Hate Your Family?

The Gospel reading for the Twenty Third Sunday of Ordinary Time, Luke 14:25-37, is one of those passages that I just ache to cut down to size, to make certain that it says something more palatable, easier to handle, than what it seems to be saying.  Jesus speaks to a crowd: “now large crowds were traveling with him; and he turned and said to them, “Whoever comes to me and does not hate father and mother, wife and children, brothers and sisters, yes, and even life itself, cannot be my disciple” (14:25-26 NRSV). Hate your family? Hate life itself?  In what way do these teachings agree with the command to honor your parents or God’s desire that we share in the goodness of creation? It is possible to deal with the word “hate” in a reasonable manner; most scholars understand that the use of hate indicates a comparative, along the lines of saying, “you must love me more than father and mother, wife and children, brothers and sisters, yes, and even life itself.” Fair enough, but it does not seem to leave us on easy street: Jesus demands our allegiance, beyond that given to family and even this good life. If you want to be Jesus’ disciple, then you have to be all in. Where the demands of the goods of this life, including family, conflict with the commands of Jesus and his teachings, Jesus comes first. This is not a soft saying, even if we soften the meaning of “hate.”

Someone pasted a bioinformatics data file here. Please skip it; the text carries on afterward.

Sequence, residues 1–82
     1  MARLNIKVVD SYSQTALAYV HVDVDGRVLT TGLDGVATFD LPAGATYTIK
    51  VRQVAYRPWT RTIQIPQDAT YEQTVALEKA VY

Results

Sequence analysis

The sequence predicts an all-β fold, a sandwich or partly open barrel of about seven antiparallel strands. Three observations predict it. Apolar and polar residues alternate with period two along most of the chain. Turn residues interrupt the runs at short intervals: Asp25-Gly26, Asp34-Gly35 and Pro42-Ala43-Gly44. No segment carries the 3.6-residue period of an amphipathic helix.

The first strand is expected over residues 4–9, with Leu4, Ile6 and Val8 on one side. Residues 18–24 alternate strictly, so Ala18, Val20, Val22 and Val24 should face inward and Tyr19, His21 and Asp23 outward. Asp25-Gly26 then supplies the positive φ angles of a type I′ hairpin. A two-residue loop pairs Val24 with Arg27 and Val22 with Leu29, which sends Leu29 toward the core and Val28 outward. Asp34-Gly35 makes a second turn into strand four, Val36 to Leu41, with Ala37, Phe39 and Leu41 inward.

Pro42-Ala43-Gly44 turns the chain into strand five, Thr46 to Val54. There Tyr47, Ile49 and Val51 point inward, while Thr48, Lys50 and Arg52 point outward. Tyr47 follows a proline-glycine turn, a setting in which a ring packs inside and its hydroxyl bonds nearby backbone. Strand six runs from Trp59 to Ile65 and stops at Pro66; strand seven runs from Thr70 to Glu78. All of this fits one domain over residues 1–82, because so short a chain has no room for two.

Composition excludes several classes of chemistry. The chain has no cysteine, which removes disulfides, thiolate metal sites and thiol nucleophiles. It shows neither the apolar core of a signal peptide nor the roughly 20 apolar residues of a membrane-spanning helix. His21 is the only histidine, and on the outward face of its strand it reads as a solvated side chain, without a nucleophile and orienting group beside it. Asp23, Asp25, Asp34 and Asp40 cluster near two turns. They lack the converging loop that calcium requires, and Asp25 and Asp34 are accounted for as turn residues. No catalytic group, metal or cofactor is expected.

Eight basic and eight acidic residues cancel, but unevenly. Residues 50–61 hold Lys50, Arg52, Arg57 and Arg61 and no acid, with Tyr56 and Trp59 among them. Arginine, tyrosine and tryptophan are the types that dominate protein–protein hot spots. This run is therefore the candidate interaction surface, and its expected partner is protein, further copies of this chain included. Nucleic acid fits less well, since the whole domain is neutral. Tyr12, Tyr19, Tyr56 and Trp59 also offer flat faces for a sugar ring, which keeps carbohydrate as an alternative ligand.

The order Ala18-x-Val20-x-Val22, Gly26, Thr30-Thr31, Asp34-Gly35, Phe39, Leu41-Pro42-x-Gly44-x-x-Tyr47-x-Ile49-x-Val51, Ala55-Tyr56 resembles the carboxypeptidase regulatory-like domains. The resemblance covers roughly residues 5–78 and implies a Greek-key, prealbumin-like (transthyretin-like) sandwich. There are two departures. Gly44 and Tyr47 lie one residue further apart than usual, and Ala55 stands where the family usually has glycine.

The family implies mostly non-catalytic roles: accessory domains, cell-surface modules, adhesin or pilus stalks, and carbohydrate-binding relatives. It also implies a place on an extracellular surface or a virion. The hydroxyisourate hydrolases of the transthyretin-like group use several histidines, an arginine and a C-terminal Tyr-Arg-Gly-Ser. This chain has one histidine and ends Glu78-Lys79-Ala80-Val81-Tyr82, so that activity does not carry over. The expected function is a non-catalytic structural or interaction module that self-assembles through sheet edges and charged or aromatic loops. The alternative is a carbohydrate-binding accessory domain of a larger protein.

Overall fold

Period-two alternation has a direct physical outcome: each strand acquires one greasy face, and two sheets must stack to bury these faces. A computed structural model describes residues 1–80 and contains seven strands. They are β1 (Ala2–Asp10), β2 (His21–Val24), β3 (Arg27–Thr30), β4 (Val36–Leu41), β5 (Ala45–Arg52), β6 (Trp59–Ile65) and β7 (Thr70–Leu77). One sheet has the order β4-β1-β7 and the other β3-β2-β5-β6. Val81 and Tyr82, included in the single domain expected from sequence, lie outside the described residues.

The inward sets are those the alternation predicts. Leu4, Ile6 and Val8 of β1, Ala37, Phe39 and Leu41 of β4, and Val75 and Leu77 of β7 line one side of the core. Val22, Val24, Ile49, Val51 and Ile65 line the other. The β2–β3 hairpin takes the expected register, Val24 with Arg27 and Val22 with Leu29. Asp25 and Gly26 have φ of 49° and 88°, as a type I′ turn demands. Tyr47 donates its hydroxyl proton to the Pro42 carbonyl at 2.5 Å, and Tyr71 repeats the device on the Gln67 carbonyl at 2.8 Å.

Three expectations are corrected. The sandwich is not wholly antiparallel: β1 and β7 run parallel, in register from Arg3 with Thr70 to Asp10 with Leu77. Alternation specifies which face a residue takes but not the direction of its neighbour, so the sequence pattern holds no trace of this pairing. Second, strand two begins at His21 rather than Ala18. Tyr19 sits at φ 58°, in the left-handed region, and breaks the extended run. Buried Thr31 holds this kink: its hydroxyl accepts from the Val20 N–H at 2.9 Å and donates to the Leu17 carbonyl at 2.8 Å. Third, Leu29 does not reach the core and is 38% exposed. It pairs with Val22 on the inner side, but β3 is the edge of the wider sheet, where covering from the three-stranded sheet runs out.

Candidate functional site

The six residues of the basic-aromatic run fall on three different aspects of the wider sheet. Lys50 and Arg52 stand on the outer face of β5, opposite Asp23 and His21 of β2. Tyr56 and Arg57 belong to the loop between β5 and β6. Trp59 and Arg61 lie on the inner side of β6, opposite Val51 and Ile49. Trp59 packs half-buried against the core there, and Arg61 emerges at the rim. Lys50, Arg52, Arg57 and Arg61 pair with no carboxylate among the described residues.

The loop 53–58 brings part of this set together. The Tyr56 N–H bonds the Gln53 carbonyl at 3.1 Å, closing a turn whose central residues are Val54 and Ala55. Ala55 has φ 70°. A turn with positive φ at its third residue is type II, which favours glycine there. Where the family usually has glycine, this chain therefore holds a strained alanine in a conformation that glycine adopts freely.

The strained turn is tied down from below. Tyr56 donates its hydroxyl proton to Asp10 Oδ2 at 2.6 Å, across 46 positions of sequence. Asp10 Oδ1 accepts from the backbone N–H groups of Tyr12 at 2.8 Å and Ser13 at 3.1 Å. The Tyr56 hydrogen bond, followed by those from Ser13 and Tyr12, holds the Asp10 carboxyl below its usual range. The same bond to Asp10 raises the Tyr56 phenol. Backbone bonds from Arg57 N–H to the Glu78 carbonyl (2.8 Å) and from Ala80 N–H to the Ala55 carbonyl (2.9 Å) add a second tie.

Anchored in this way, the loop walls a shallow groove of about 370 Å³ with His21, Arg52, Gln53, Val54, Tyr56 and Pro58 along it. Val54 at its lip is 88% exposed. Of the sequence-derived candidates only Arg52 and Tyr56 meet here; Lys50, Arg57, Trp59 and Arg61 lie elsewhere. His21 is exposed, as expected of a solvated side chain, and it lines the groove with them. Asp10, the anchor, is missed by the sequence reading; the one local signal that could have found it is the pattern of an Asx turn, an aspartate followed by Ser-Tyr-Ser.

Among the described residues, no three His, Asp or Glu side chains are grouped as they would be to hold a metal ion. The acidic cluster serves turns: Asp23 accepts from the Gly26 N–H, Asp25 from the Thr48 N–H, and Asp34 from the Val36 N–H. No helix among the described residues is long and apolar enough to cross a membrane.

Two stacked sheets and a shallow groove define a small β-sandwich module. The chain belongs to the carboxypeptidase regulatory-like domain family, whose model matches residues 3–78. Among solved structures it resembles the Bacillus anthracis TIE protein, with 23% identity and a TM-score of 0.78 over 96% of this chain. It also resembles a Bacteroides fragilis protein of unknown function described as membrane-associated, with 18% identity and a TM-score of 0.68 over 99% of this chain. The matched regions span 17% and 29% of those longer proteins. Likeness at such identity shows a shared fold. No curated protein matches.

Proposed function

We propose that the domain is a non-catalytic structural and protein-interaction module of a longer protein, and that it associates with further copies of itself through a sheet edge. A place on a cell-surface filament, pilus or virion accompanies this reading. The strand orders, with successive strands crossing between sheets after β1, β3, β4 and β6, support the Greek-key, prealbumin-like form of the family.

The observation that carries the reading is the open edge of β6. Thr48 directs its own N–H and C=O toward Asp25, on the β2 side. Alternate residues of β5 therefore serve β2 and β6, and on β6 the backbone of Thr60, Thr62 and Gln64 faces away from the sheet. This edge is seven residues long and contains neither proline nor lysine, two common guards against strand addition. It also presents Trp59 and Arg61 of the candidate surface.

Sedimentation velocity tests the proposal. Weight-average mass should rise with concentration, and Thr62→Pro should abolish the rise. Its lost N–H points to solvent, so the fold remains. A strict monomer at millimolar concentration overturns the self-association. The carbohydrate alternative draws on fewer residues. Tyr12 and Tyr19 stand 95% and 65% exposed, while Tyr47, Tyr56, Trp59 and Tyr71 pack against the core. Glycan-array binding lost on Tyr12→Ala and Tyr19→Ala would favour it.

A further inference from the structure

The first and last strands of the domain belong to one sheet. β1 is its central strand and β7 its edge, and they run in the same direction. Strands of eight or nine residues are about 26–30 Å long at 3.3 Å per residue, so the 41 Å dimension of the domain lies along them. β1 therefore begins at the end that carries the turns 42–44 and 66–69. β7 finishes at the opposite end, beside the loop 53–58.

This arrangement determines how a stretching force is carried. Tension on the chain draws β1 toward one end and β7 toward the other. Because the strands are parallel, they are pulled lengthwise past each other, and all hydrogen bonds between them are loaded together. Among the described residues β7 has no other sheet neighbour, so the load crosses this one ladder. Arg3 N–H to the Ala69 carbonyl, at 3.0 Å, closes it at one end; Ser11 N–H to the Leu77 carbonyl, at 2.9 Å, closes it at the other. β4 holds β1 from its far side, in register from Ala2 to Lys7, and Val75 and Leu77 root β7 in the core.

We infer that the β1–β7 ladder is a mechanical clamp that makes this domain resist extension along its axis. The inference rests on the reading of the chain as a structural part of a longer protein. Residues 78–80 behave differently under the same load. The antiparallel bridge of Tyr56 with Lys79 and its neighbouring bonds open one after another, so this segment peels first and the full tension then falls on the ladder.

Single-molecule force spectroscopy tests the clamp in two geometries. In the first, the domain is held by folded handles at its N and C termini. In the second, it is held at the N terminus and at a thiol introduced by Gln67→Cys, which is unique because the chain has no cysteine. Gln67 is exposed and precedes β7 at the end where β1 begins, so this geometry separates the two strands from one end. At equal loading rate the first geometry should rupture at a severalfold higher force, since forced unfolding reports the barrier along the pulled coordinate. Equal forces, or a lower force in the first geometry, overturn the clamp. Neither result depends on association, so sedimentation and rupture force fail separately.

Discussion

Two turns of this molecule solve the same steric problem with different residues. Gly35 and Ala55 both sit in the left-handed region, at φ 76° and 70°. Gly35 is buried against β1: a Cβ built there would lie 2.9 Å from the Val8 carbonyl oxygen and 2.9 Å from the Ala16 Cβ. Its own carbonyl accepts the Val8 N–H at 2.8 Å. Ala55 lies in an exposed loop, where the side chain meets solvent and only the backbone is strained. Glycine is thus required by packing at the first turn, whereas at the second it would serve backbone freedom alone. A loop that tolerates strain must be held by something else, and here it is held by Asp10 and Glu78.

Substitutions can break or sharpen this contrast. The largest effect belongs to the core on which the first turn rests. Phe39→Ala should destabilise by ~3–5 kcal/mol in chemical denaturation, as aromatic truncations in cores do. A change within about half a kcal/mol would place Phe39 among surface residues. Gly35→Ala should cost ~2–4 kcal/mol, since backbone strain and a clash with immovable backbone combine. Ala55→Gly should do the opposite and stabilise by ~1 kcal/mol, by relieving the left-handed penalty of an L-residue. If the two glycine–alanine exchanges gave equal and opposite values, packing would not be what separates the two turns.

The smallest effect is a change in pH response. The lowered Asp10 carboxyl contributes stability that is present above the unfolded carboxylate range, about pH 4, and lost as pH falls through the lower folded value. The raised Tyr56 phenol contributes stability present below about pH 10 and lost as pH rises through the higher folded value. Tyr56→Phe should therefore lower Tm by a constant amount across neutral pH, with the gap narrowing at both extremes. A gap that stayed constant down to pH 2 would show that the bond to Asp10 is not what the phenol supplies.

The teachings that follow are also fascinating, though, and I think often lost in the first two verses, which always spin my head as I seek an escape clause for true discipleship. Jesus gives a couple of examples to the crowds following him, at least quasi-disciples or wannabe-disciples at this point. He tells the crowds that they must be prepared to “carry the cross,” which even if the followers did not understand in light of  the implications for Jesus himself at this point would have understand in the context of the nature of crucifixion in general. A disciple of Jesus would have to give up everything to follow him. The next two examples, though, I think, pertain more to Jesus himself than to his followers, that is, I think he is telling them why it is essential that he have disciples willing to give up everything.


He gives the example of a person who builds a tower, but runs out of money when the foundation is complete; it is necessary to calculate the full cost in advance to know whether you can finish your task, for if you fall short you will be subject to ridicule. In the same way, a king going into battle must know whether his army of 10,000 can do battle with an army of 20,000; if they cannot the king will sue for terms of peace. These examples might be applied to the possible disciples, to have them search themselves to see if they are prepared to give everything up, but I think that they could easily apply to the master-builder or the king, who must know that as he builds and as he leads that each disciple is in for the long haul. He cannot build the kingdom of God or fight the powers of destruction without followers who will give all to the task at hand.